Summary for Evarcha arcuata (Araneae)
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About this speciesRecorded altitude range
0m to 673m
The species is largely confined to central southern and south-eastern England, but it has also been recorded in Staffordshire, Shropshire and Cardiganshire, and in 1999 the species was discovered at Hatfield Moors in Yorkshire. It is widespread in north-western and central Europe, but has not been recorded from Ireland.
Habitat and ecology
E. arcuata occurs mainly on old heathland in damp areas, sometimes in bog, often with some scrub present, but sometimes on dry heathland and other similar low shrubby vegetation. Adults of both sexes are found from May to August and males have been recorded in September and October.
Recorded from 36 hectads since 1992, with no evidence of any decline. It may be common where it occurs.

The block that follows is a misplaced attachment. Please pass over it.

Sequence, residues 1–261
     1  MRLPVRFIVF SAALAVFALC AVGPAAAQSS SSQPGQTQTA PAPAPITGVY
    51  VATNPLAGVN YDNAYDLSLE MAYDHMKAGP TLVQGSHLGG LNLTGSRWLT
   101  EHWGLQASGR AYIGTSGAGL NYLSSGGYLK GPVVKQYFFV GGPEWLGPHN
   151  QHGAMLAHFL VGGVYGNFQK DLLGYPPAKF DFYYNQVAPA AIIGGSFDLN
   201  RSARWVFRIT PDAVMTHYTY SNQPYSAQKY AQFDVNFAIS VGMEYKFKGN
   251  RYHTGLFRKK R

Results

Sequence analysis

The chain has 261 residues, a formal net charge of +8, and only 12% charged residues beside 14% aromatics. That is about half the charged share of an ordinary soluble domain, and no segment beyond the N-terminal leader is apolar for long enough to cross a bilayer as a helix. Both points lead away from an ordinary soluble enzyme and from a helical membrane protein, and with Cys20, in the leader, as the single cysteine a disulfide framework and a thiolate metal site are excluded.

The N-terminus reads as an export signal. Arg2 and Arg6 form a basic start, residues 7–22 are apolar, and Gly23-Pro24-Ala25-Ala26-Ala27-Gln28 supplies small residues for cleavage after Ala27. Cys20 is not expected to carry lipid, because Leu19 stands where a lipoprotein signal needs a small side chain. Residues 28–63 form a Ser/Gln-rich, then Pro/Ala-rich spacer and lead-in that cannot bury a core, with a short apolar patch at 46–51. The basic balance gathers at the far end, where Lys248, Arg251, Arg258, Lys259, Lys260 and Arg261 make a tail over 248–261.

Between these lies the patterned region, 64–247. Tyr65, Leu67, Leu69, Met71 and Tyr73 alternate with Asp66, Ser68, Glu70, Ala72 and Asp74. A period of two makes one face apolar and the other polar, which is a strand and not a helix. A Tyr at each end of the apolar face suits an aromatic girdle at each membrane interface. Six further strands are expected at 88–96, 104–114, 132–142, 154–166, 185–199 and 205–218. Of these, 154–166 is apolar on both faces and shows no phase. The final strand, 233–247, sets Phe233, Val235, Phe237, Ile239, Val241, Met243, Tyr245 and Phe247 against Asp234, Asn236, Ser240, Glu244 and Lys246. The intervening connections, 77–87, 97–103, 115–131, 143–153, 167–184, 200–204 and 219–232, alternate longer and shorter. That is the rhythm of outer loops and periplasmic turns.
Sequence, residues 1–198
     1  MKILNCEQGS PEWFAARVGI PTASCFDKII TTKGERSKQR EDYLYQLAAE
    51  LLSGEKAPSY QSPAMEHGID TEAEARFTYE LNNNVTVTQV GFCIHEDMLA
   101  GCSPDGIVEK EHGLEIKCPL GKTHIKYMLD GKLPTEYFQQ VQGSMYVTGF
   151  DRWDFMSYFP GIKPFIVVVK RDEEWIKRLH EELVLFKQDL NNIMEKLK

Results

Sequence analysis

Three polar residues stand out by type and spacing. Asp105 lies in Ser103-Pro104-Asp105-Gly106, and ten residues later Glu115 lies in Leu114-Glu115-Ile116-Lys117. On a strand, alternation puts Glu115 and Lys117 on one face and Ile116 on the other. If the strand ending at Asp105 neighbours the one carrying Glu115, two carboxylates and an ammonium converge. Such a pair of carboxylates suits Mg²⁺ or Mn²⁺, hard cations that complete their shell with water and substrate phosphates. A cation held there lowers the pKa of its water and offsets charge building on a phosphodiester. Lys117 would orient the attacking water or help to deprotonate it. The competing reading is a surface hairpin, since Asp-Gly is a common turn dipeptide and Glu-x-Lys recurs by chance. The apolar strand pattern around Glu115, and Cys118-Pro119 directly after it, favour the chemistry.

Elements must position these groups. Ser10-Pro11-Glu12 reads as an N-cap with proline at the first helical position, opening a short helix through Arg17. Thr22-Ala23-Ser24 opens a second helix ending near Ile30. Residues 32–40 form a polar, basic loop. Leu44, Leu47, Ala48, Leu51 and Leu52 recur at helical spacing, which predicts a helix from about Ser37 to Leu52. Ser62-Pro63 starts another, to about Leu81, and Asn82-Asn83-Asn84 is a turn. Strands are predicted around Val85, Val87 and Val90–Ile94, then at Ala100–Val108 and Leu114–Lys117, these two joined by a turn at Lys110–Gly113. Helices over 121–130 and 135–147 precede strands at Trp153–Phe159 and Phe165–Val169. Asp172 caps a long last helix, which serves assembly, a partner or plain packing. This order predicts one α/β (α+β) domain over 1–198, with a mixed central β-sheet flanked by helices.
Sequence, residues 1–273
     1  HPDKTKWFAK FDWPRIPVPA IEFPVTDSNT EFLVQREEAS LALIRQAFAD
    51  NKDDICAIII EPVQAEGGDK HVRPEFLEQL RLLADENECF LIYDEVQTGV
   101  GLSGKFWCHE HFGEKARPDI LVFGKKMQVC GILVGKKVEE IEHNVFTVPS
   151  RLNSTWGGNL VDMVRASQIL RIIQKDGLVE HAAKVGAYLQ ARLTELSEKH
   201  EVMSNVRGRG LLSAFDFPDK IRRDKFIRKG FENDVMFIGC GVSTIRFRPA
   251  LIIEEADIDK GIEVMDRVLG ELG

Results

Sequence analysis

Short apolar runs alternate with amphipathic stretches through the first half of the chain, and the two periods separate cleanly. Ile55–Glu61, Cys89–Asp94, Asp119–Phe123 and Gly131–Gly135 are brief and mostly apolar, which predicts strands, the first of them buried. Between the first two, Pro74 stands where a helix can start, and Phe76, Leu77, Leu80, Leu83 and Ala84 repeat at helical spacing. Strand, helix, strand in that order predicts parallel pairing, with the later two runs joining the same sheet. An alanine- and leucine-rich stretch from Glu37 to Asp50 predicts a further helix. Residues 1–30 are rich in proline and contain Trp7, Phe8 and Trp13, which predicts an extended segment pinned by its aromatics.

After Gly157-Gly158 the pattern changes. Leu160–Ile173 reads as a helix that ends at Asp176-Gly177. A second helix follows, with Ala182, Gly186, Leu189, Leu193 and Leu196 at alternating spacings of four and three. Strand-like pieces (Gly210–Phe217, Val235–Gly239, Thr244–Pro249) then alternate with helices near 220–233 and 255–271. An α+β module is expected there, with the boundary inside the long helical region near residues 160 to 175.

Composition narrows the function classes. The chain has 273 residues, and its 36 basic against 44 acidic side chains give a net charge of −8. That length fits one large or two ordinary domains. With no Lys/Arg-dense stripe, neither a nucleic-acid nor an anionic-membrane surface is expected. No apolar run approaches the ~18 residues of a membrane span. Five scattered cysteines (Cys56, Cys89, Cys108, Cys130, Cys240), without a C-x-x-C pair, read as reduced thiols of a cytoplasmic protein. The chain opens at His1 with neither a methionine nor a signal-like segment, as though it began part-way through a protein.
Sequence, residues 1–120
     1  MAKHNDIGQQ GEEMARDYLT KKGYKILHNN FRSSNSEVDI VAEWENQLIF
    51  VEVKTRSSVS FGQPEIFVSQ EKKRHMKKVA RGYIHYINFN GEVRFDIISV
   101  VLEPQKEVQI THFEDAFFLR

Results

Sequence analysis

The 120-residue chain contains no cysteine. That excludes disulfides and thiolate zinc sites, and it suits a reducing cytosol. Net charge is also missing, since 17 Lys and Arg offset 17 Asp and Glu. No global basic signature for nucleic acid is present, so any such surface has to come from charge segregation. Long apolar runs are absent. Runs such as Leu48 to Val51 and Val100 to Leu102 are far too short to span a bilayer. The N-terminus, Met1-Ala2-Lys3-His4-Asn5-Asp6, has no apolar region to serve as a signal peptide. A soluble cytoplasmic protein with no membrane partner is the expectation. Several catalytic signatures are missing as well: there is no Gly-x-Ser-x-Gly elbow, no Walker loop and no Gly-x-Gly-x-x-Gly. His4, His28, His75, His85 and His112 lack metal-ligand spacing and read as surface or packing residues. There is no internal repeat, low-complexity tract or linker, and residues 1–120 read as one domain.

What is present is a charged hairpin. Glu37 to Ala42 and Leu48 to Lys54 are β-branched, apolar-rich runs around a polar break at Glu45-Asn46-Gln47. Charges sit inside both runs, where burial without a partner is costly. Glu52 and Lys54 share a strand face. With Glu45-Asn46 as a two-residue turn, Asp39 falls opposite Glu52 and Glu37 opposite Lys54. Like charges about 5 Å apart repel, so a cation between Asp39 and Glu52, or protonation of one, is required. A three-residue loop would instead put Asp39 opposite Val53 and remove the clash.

The loss of heathland to agriculture, afforestation and development. Most of Hatfield Moors have already been destroyed, and peat exploitation continues on vast tracts surrounding the small remaining refuge. Drainage of the surrounding land has lowered the water table to a point where the lowland raised mire is in imminent danger of being completely lost to woodland.
Management and conservation
Maintain some patches of mature, damp heathland with scrub. At Hatfield Moors efforts are being made to raise the water table in the surviving area of mire.
Text based on Dawson, I.K., Harvey, P.R., Merrett, P. & Russell-Smith, A.R. (in prep.). References